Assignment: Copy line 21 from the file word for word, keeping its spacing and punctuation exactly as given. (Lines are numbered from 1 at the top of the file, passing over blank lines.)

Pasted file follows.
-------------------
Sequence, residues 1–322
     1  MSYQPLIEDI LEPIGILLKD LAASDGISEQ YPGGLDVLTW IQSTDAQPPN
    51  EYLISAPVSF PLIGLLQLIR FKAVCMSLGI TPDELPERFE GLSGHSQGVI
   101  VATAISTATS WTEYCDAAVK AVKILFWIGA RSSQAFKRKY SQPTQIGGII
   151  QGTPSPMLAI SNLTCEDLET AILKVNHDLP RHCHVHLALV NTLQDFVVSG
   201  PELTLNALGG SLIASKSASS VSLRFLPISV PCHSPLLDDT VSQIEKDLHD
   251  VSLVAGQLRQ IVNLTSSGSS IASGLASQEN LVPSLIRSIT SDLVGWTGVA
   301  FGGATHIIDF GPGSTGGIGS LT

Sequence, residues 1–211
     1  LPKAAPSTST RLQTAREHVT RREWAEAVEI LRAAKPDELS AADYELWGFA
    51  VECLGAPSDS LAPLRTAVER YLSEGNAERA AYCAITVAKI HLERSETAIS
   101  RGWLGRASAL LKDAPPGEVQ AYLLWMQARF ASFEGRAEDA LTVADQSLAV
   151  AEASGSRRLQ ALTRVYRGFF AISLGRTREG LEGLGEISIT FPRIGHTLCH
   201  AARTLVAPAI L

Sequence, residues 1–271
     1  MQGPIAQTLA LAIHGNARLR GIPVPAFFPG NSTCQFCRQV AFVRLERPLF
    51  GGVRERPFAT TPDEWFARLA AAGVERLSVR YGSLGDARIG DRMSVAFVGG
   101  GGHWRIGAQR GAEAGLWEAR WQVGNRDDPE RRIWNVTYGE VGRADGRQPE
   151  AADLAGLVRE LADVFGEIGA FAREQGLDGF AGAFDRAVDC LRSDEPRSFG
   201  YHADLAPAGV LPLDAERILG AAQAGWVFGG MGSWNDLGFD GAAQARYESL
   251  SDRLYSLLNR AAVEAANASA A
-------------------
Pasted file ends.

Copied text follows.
   251  SDRLYSLLNR AAVEAANASA A